Ben Wallace averaged 5.7 more points than I did. I’m also a better foul shooter. So why is the former Detroit Pistons center/power forward headed to Springfield, Massachusetts this weekend to hear his name called when the NBA honors the 2021 Class of the Naismith Memorial Basketball Hall of Fame? There’s a whole lot more to greatness than points and a good shooting touch.
Ben Wallace earned everything in the NBA
Nothing, except a chance, was given to Wallace. The Washington Bullets gave the big guy a shot after coming out of Virginia Union, a Division II school. Wallace, a 6-foot-9 force in the middle, went undrafted, but Washington gave him an opportunity. He played in 34 games, averaging 5.8 minutes per game in the 1996-97 season.
He played three seasons in Washington before being traded to the Orlando Magic, where he established him as an NBA starter. After one year in Orlando, the Magic traded him to the Pistons, where he made a name for himself. In his first year in Detroit, he started all 80 games he played and averaged 13.2 rebounds and 6.4 points per game.
He made the first of his four straight NBA All-Star Game appearances during the 2002-03 season when he led the league in rebounds with 15.4 per game. That came on the heels of a season when he led the league in both rebounding (13.0) and blocked shots (3.5). He was not an all-star that season.
Wallace spent a total of nine seasons and two separate stints with the Pistons. He averaged 11.1 rebounds and 6.6 points per game in Detroit. He also spent time with the Chicago Bulls and the Cleveland Cavaliers. For his career, Wallace averaged 5.7 points and 9.6 rebounds. He shot 41% from the free-throw line.
Ben Wallace did all the dirty work for the Detroit Pistons during their championship run
Wallace was big, but not huge by NBA standards. At 6-foot-9, 240 pounds, he was often matched up with the big boys of the league, including Shaquille O’Neal, who was 7-foot-1, 325 pounds. Former Pistons coach Larry Brown always wanted to double guys like O’Neal, but Wallace wanted the job for himself.
“The thing I remember most about Ben was when we played in the (2004) Finals,” said former teammate Richard Hamilton in 2016 to the Detroit Free Press. “L.B. wanted to double team Shaq, and Ben said, ‘No, I’ll guard him head-up.’
“Most guys would say, ‘Hey, give me some help down here so I won’t get in foul trouble.’ Ben was like, ‘No, L.B., I got him. Don’t come help. I’ll take him head-up.’ You don’t hear that from anybody.”
The Pistons defeated O’Neal and the Lakers in the 2004 NBA Finals. While Chauncey Billups, Richard Hamilton, and Rasheed Wallace got the glory, Wallace got them the championship.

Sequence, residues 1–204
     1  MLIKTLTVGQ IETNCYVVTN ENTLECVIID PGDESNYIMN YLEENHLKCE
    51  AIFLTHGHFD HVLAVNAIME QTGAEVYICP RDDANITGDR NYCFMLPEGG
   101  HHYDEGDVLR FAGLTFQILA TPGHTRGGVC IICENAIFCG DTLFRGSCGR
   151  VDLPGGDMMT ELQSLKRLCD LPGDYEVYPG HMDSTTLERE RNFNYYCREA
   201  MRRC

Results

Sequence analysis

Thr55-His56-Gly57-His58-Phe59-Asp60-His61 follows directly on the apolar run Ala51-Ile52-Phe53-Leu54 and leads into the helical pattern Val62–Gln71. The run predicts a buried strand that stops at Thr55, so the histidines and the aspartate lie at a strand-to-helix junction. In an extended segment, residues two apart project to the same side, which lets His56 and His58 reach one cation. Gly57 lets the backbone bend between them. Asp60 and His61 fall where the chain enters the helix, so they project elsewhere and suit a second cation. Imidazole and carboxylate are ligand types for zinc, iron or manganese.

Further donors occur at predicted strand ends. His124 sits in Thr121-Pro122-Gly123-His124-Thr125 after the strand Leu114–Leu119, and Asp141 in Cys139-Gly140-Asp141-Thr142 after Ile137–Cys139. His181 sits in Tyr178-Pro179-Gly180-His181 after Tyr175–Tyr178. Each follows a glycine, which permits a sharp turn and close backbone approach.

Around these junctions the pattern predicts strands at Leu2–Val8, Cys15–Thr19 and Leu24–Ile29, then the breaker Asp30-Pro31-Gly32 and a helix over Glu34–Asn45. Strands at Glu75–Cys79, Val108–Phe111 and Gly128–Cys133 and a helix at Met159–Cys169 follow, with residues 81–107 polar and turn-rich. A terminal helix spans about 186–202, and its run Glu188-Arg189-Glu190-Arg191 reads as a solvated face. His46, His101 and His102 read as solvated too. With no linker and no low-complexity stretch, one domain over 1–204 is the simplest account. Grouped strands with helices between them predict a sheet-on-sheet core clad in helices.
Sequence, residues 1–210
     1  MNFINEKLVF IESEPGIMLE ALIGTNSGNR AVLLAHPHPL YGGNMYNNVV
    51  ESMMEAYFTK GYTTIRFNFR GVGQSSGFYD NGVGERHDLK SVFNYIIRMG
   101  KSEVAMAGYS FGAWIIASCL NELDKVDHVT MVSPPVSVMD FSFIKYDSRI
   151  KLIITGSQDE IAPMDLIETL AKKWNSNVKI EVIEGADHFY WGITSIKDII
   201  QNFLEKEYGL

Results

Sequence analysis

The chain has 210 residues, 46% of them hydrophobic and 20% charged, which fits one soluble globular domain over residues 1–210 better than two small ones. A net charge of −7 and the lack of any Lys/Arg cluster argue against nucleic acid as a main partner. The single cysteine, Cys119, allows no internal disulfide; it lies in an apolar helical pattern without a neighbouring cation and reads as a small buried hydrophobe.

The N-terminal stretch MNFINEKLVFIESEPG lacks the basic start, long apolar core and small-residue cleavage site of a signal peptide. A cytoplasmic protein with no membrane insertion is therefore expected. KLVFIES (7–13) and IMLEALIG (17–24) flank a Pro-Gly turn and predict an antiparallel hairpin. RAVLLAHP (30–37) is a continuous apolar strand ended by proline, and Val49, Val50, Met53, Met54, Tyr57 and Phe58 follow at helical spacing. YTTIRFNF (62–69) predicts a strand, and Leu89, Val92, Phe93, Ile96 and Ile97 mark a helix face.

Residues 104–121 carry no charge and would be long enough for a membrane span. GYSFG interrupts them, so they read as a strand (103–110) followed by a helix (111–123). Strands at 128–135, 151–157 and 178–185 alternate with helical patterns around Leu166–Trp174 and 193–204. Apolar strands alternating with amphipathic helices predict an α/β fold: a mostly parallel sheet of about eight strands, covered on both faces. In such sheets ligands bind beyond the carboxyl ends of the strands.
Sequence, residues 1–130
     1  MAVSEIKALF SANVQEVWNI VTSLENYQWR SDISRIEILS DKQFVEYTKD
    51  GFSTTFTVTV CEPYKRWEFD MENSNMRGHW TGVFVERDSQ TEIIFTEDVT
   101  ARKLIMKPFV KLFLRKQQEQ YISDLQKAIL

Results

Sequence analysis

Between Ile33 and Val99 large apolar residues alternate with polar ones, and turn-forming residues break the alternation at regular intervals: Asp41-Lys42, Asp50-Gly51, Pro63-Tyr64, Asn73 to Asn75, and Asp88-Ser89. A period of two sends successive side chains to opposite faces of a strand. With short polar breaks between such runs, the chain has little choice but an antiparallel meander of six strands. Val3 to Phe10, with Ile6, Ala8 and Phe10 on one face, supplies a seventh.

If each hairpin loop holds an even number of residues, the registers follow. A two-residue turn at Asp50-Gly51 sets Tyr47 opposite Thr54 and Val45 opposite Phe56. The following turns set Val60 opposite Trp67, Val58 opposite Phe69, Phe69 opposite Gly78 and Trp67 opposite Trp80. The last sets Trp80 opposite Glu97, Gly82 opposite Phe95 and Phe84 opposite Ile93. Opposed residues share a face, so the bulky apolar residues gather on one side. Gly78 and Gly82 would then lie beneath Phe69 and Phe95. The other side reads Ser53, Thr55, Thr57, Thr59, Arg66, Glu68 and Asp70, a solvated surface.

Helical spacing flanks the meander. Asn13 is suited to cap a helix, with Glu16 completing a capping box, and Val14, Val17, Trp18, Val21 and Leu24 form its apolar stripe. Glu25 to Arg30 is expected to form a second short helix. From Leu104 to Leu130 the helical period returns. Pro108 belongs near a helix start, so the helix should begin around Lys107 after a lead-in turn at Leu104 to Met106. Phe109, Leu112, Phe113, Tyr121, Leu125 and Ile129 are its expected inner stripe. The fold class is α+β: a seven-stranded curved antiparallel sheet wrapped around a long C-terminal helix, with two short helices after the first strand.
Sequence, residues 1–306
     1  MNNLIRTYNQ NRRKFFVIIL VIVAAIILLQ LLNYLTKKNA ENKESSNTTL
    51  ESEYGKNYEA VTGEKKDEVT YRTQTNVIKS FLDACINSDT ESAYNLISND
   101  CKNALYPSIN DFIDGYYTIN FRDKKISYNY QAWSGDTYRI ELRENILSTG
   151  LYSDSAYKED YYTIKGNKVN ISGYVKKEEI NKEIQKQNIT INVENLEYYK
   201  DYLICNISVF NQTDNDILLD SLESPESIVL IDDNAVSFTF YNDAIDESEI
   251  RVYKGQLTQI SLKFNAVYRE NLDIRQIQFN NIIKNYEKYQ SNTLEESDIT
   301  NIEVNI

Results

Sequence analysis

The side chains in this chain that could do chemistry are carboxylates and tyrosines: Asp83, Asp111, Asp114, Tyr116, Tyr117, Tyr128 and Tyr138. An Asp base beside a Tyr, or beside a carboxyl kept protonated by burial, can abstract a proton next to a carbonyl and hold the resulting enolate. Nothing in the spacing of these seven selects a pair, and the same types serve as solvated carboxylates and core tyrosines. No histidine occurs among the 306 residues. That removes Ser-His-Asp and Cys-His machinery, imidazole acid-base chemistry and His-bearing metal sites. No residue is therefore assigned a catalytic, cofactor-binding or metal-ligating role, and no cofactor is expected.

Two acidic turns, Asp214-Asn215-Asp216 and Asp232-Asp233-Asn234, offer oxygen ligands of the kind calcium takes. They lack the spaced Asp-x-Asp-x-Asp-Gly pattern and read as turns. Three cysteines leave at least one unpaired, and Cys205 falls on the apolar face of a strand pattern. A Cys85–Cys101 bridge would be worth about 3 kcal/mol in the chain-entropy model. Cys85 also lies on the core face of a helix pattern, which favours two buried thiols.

“Ben brought a dimension to the game that a lot of guys don’t want to do,” Hamilton said. “He was a guy that did all the hard, gritty — defend, block shots, rebound. … A lot of guys get caught up in the scoring, but Ben knew what he did great. He did it the best in the league.”
Should Wallace be in the NBA Hall of Fame?
If the NBA Hall were based strictly on numbers, Wallace wouldn’t even be considered for enshrinement. NBA greatness, however, is more than strong numbers. Those 2004 Pistons didn’t have a true top-10 player on their team. These days, teams need at least two to win a title.
While Wallace isn’t the ideal Hall of Famer, his former agent Arn Tellem summed up his client perfectly.
“Ben had a profound effect on this organization,” Tellem said to the Free Press. “He is the ultimate warrior. They talk about the Bad Boys, but I think that team with Ben and Chauncey were the heart and soul. They went to six consecutive Eastern Conference finals. There was really no top-five franchise player on that team. They just competed so hard and played so well as a team.
“Ben embodied that spirit of sacrifice and doing whatever it took to win. When I talk to other players, everyone has such great respect for him, because it wasn’t about stats. It was about winning and playing tough and competitive. If you look over the history of the NBA over the last 35 years, that team to me is the most unique championship team of any NBA team.”
Tellem’s description is spot on, but it also makes a stronger case for Wallace not to be in the Hall of Fame. The Pistons didn’t have any stars, and stars belong in the Hall of Fame. It’s an elite group. If Wallace is in, shouldn’t Billups be, too? They were two outstanding players, but not quite Hall of Fame material.
Wallace was one heck of a player, but not an elite one. His hard work paid off in the form of a championship.